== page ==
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Euro-area inflation stays at 0.2% as ECB sees downside risks

European Central Bank.jpg
The European Central Bank's holdings of asset-backed debt fell for the first time since January, even as the bank steps up purchasing efforts to help boost regional lending.

[FRANKFURT] The euro area's inflation rate held steady in August, highlighting the challenge facing European Central Bank policy makers as they seek to revive consumer-price growth.

Consumer prices rose an annual 0.2 per cent, exceeding the median economist forecast for a reading of 0.1 per cent. Core inflation held at 1 per cent, the EU's statistics office in Luxembourg said in a report on Monday.

The ECB has cut interest rates and is buying bonds to battle anemic inflation, which has been below the central bank's goal of just under 2 per cent for two years. With China's economy cooling and oil prices falling, Executive Board member Peter Praet said last week the challenge is become tougher and that policy makers are ready to do more if needed.

The data provide "a modicum of relief for the ECB," said Howard Archer, an economist at IHS Global Insight. "It still seems most probable that the eurozone will avoid renewed deflation and that consumer price inflation will trend gradually up from the final months of 2015."

The euro rose 0.2 per cent to $1.1213 at 11:48 am in Frankfurt. The single currency has climbed 2 per cent in August, set for the best month since April.

To help reverse course and fulfill its mandate, the ECB is in the midst of quantitative easing program that it plans to run until September 2016.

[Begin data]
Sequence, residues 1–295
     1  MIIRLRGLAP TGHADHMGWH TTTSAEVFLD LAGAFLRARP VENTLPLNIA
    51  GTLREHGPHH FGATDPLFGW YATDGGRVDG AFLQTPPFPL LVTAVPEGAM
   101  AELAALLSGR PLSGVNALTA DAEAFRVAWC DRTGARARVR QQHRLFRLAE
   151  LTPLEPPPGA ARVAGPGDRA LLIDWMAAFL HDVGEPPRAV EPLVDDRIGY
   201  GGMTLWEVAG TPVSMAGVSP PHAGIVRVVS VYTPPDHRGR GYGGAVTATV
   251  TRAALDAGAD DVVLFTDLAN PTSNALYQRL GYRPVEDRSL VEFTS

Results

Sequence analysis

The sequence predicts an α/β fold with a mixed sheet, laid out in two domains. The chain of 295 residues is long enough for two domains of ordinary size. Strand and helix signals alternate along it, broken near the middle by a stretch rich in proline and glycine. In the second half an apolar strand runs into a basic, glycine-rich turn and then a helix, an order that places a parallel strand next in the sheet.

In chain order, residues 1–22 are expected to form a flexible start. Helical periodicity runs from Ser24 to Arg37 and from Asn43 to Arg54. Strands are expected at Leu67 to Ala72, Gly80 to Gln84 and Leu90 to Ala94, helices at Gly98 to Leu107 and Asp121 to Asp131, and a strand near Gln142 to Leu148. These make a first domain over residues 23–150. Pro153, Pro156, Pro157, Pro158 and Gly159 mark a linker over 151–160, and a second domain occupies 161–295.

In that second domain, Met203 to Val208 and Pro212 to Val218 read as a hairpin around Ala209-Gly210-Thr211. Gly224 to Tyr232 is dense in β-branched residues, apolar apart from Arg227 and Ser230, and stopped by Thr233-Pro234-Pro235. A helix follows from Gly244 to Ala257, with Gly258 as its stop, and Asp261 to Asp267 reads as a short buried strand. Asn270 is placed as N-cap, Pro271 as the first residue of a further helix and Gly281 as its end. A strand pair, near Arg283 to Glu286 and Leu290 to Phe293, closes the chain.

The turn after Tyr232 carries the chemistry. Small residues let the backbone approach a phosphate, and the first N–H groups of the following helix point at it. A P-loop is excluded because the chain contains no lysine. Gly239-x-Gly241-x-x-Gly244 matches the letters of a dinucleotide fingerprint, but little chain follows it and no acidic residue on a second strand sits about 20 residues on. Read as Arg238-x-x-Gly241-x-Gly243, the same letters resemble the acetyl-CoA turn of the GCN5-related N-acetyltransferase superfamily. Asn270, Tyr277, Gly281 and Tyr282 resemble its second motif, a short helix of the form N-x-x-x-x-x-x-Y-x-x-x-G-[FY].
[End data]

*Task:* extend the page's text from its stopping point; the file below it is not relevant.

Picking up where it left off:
The central bank's Governing Council holds its next policy meeting on Thursday in Frankfurt, President Mario Draghi will give a press conference after the decision, when he will unveil new growth and inflation projections.

The ECB currently forecasts that inflation will average 0.3 per cent this year, improving to 1.5 per cent in 2016.

Consumer prices are "driven by energy and that for the ECB is a double-edged sword," said Holger Sandte, chief European analyst at Nordea Markets in Copenhagen.

"It's good for real income, and we see the recovery in the euro area is driven by private consumption," he said. "The bad part is that it drives inflation further away from the objective."

A Bloomberg gauge that tracks returns from 22 raw materials plunged to the lowest level since 1999 last week on concern a glut in everything from oil to copper will be exacerbated as the Chinese economy grows at the slowest pace in more than two decades.

If those factors threaten its inflation goal, the ECB is ready to expand or extend QE, Mr Praet said on Aug 26.

"Developments in the world economy and in commodity markets have increased the downside risk of achieving the sustainable inflation path toward 2 per cent," he said.


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